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Still a no-inflation environment

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General Information

GDP USD570.591bn (World ranking 21, World Bank 2014)
Population 9.69 million (World ranking 89, World Bank 2014)
Form of state Constitutional Monarchy
Head of government Stefan LOFVEN (Social Democratic party)
Next elections 2018, legislative

Country Rating AA1note-circle-LOW-risk


  • Highly educated labour force
  • Good demographics
  • High value-added manufactured industries
  • One of the highest R&D spending in the world
  • Very diversified export structure in terms of products
  • Sound public finances


  • High deflationary pressures
  • High youth unemployment
  • Excessive household debt
  • Weak governing coalition

Economic Overview

Positive surprises

In Sweden, Q2 GDP growth surprised positively (+1% q/q, the highest since Q4 2013) and was relatively balanced between domestic (+0.4pp) and external (+0.6pp) demand. Although softening, private consumption is well oriented and will remain the main driver of GDP growth (+2.2% in 2015 and +2.7% in 2016, see Table 1). Momentum should remain positive as household real disposable income is increasing, supported by low inflation while savings remain high (see Chart 1), and wealth effects from rising housing and stock markets are expected to prevail.
Investment in equipment and machinery rebounded strongly in Q1 2014, but lost some momentum thereafter. Industrial production remains 19% below 2008 highs. Capacity utilization rates (81.7%) rebounded over the past two quarters and stand at the highest level since Q1 2014, but still remain below the long-term average of 83.7%. Credit to non-financial corporations returned to positive growth as banking sector is solidly capitalized and the demand strengthened.
Export performance is expected to remain strong, although weaker compared to 2014. Competitiveness indicators remain weak as collective agreements on wages are maintained which drive wages up by 3% annually at a time where productivity is slowing down. However, some leeway is given by the depreciation of the SKK (-6% of the real effective exchange rate compared to 2014) on the back of the accommodative policy stance.  Overall, GDP growth is expected at +2.7% in 2015 (see Table 1).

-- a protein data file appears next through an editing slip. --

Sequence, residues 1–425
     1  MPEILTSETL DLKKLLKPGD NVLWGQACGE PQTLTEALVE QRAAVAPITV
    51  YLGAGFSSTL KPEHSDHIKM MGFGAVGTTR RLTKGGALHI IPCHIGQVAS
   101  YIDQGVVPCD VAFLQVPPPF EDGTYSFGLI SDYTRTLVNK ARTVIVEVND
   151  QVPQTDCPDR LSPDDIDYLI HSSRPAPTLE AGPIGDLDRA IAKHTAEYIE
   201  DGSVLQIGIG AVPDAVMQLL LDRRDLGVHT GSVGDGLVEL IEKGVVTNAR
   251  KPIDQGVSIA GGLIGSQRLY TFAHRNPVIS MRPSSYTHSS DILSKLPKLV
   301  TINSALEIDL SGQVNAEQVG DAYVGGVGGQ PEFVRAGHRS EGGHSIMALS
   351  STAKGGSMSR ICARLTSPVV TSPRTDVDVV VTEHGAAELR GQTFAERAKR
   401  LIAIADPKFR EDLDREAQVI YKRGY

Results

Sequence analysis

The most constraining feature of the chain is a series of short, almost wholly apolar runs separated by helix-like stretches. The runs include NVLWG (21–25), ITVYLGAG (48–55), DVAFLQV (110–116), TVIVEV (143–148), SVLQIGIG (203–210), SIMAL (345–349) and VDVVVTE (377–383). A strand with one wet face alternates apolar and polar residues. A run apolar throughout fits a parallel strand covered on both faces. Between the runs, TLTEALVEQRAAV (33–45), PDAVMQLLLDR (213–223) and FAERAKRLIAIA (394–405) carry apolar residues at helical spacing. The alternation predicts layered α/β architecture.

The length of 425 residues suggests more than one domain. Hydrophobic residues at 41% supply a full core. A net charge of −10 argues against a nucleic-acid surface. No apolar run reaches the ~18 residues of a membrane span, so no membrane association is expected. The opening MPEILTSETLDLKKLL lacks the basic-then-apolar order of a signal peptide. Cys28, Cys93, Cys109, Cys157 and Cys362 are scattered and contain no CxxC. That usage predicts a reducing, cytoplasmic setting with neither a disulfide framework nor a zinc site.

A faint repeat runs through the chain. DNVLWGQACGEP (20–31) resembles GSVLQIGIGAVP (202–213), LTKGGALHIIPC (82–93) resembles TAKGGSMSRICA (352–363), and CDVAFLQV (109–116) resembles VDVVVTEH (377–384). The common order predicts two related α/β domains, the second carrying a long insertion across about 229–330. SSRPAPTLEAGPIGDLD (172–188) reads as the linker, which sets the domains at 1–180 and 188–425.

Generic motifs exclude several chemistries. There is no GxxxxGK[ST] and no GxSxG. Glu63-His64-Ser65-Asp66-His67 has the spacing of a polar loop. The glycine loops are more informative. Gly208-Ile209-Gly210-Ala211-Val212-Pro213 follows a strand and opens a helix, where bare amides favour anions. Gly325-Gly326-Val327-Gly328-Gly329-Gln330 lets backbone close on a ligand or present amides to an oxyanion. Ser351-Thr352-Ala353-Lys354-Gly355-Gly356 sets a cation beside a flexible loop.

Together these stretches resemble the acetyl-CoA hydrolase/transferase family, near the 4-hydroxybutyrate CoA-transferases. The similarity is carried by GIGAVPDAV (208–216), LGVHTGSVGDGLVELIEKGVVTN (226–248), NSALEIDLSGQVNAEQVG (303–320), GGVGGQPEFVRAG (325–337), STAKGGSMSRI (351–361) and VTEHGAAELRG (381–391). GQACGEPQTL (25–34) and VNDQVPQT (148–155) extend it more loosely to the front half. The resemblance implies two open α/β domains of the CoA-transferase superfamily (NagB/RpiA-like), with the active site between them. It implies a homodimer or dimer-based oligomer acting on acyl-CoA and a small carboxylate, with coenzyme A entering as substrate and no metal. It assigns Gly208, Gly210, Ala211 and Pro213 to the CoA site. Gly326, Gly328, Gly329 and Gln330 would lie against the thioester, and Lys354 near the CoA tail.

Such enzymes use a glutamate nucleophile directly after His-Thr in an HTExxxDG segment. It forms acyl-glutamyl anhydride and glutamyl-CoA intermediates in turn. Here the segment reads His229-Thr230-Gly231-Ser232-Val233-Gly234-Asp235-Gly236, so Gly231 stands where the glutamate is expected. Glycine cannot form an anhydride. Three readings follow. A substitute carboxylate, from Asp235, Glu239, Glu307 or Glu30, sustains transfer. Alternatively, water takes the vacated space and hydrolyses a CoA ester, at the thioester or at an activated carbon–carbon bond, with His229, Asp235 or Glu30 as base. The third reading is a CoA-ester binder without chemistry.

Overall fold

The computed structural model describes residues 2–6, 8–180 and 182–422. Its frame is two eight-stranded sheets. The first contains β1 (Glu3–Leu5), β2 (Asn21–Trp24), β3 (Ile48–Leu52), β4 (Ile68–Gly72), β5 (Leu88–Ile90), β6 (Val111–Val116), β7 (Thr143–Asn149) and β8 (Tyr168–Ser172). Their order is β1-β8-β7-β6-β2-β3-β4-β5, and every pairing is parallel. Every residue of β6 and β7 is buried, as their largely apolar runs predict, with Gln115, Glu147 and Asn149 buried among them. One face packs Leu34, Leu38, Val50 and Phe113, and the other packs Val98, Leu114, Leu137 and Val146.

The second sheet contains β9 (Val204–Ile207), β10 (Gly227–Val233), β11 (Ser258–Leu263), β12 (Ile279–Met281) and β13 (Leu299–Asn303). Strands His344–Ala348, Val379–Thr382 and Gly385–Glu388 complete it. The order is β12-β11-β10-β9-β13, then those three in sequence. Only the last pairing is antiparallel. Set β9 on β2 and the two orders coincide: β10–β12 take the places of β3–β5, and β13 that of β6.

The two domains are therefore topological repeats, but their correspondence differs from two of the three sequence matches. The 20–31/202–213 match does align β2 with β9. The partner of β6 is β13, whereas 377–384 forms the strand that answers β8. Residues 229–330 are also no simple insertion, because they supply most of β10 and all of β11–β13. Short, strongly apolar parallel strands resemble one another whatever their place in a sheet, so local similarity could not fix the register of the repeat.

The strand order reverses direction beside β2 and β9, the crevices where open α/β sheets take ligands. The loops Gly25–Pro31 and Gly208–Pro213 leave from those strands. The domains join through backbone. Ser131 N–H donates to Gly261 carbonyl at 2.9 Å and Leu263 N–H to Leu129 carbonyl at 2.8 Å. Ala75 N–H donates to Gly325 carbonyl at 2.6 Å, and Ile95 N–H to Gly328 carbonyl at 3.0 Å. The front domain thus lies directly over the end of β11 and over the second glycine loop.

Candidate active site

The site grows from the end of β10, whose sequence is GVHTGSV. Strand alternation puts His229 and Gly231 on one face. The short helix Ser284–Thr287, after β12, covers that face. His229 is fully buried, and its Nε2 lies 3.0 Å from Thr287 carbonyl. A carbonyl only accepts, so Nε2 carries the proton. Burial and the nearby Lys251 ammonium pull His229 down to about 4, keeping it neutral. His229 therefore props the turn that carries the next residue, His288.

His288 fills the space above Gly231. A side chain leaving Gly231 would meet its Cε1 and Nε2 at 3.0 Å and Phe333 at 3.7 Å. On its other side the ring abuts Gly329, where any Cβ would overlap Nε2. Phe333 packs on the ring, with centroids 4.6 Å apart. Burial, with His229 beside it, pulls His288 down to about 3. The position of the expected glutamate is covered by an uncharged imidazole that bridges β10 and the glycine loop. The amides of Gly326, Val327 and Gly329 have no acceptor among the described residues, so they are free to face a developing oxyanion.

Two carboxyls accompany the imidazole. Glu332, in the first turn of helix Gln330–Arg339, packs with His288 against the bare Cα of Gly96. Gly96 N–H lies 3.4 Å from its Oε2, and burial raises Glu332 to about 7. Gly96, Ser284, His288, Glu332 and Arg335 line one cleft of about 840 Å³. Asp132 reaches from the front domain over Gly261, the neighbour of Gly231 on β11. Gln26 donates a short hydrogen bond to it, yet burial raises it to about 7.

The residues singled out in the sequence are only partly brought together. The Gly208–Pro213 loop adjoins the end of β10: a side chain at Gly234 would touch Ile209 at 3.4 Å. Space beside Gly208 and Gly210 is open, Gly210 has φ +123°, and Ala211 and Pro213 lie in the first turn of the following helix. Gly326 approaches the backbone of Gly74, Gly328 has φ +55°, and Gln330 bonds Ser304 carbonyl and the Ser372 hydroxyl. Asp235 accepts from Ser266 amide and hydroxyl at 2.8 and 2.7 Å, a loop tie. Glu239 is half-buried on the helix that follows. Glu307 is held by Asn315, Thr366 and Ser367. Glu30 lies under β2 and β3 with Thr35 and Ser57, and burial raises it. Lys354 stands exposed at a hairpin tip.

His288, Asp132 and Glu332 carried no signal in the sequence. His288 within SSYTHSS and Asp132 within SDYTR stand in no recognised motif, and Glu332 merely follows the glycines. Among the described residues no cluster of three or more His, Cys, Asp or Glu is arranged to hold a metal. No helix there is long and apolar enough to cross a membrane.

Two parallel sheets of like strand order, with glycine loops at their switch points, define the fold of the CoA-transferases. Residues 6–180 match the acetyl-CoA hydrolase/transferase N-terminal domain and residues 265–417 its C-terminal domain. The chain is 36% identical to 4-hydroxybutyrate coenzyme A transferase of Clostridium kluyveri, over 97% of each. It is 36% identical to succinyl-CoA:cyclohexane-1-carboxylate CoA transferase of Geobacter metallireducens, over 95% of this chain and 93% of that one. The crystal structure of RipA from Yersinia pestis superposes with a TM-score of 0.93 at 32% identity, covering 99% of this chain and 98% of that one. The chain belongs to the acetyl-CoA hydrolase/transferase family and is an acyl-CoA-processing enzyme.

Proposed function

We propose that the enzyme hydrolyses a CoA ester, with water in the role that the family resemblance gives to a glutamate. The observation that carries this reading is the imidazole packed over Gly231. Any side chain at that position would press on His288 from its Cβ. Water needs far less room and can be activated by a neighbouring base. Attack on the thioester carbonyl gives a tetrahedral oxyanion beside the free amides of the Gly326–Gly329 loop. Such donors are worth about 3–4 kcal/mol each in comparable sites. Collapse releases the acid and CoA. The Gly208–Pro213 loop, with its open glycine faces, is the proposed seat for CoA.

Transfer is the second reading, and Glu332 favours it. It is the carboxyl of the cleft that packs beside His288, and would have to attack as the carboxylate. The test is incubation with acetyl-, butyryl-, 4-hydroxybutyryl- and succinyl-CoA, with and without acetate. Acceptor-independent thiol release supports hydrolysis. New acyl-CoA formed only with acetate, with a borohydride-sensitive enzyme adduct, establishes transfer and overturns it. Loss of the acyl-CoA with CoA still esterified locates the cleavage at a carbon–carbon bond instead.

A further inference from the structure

Low inflation remains the key issue for companies, but also for indebted households

Companies’ turnover continues to be on the downside after having lost -17% since Q1 2008 (see Chart 2). One of the main issues remains the no-inflation environment expected to last for another few years. Inflation should reach only +0.5% in 2016. The current deflationary environment is clearly endangering the private sector deleveraging process. Household debt has been growing faster in Sweden than in the rest of the EU especially since 2007 and stands at 160% of disposable income. The central bank has cut rates continuously since 2012 and the key interest rate is negative since February 2015 and currently stands at -0.35%. Further cut rates are expected by end-2015. A very accommodative monetary policy stance is expected until at least 2017.

Business insolvencies remain above pre-crisis levels

Business insolvencies remain on a downside trend. They are expected to fall by -7% in 2015 (after -7% in 2014 to 7,154 cases), but remain +15% above the 2007 level. 


Residential construction will be an important long-term driver of economic growth

Residential building starts slowed down since 2014 after growing at high speed (see Chart 3). The trend should remain on the upside given the rapidly increasing population and the growing imbalances between housing supply and demand that drove house prices to very high levels.

Strong business environment

Sweden scores very well within the Doing Business International Ranking, going up 1 position in 2015 to 11 over 189 countries. It benefits from a fair legal system, low corruption and businesses are adequately protected.
Pro-business policies encouraged foreign investment over the past years and there is low risk of radical reversals of pro-business policies under the new left-green coalition. The previous government reduced the corporate tax rate in 2013 by 4.3pp to 22% in order to attract more foreign investment, but despite this Sweden remains in a relatively weak position compared to OECD countries when it comes to the total fiscal burden on companies (see Chart 5). Reductions in payroll taxes have also been implemented in order to support employment.

Last review: 9/10/2015